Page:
So that is how we began expanding the meaning of the word authentic.
     We realized that the outlook of the current generation of elders of the working people in the village was going to be difficult to change. So we thought we'd work with the children and create a spirit and attitude in them that they're not thinking about caste and they're not thinking about alcohol or thinking about going to the cities, but actually being proud to be a villager and proud to live off the land, proud to do farming.
     In the initial days, when Geetha went to the village, she would try to put the dream of becoming a collector in the students—you know a collector?

RW:  No.

RK:  The Collector would be head of Coimbatore City, for example. He takes care of the entire administration of Coimbatore. So he's a pretty powerful person.

RW:  It sounds like what we’d call a mayor or a city manager.

RK:  Yes. It's a dream that a lot of people nurse as students. And we said, "Don't do that, Geetha. Put the dream of becoming a farmer in their heads. Make the children feel happy to be a farmer, happy to be able to live off the land, happy to be able to do everything themselves—build their homes, everything they should be able to do.”
     So then we decided we would go with food into the villages and try to get everybody together. Our idea was to create a community kitchen where villagers would bring the vegetables from their farms and everybody would cook together and eat together at least once a month, if not once every week.
     But that’s where we ran into this caste block. We discovered that only one section of the village was being invited because if they invited the entire village, this section would boycott it. The higher caste would boycott it.

RW:  Yes.

RK:  So we said, no. Even if only one person takes part in the community kitchen, it will be fine. We will not avoid inviting anybody because of fear. Fear will not be a base for our work. Fear will not help the community to develop as a healing community. We said, “Invite everybody!”
     They kept telling us, “Be careful!” and, “There will be a lot of issues.”
     We said, “It doesn't matter.” And for the inauguration of the community kitchen, we told the village head man that the Collector from Coimbatore was going to be there.—The Collector didn't come, but we managed to bring the Collector's father to light the lamp in the kitchen.—So everybody came to the inauguration, the entire upper caste and the lower caste was there, too.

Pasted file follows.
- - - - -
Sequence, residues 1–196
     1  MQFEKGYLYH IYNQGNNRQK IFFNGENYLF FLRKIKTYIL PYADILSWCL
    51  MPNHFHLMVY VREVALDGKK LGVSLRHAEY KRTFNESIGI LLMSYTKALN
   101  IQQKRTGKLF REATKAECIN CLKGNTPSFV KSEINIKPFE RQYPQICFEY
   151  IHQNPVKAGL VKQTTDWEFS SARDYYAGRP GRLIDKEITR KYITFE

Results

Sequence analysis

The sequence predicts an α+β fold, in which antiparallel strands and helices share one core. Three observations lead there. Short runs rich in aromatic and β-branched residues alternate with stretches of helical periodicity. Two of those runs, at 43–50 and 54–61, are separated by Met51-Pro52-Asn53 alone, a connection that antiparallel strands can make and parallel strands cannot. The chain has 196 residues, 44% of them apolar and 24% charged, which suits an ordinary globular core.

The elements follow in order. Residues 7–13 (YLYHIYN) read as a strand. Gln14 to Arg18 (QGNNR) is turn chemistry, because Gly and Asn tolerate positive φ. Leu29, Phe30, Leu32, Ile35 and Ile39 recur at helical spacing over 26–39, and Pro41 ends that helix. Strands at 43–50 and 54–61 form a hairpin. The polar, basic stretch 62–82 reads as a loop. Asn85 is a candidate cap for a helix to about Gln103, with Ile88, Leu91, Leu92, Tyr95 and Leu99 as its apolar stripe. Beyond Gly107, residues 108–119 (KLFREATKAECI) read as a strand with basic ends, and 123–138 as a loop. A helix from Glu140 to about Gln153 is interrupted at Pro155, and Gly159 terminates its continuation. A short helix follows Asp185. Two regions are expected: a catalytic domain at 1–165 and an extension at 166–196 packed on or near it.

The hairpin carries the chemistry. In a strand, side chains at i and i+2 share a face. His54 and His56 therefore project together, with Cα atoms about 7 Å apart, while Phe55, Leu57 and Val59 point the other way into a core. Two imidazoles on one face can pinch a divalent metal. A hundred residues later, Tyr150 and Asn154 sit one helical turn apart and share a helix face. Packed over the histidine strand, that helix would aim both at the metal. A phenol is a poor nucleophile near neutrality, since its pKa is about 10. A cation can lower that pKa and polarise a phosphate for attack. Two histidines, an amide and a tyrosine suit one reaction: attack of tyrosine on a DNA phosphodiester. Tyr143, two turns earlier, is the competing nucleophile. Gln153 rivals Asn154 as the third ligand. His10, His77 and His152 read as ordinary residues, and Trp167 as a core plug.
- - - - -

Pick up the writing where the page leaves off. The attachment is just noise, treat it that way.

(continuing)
RW:  Wow. That's beautiful.

RK:  So we have to keep doing the small things. It’s not easy. We have to continue to work with them. Geetha, Somu, Kavitha, Aparna and others – all are doing a great job of patiently working with the community. Today we are giving food every day to around 100 old and disabled members of the extended community; when we started everybody wondered how this can be sustained; one year later, it is still continuing thanks to the support of many patients, friends and well-wishers.

RW:  You have a long range view, I take it.

RK:  Yes. We believe that if we will be able to create this community within the next 15 years, we will have done well.

RW:  So how did you get the villagers to let the children come to be educated?

RK:  That was a little easier, because for the villagers it was less trouble. And then, you know, we were giving these children pencils and erasers and books and clothes and everything. So the villagers were happy at that. Many of the villagers had by then started to work with us in Vaidyagrama. And many of them were seeing that there was a slightly larger commitment than just running a hospital here. It was not just about running this hospital.

RW:  So some of the villagers began to be involved here?

RK:  Yes. Many of them are involved in the kitchen and the housekeeping and the laundry. One girl is now well trained as a therapist; her mother also works with us.

RW:  And that's an ongoing development?

RK:  Ongoing development, yes.

RW:  What do you do for the people who work here? I get the feeling you must have programs for them or something?

RK:  Honestly, as of now, we don't have any major programs. The only thing that we are committed to, and which we have shared with them, is that for life they will be taken care of. They can stay here, even after retirement. We will have the senior citizens community. For the children we will create a school; we have the children's home. We want families to stay here. We want the whole community to develop. And if they are unwell, we will take care of them. We encourage them to take treatments here during the time when there are fewer patients in Vaidyagrama. So basically, we’re including them to become a part of this culture, of this lifestyle.

RW:  That's beautiful.

RK:  Having said this, it takes time for them to understand, because many of them are coming from deprived backgrounds. For many of them, the thought is still on money. They don't see anything else. So it takes time for their thought process to change.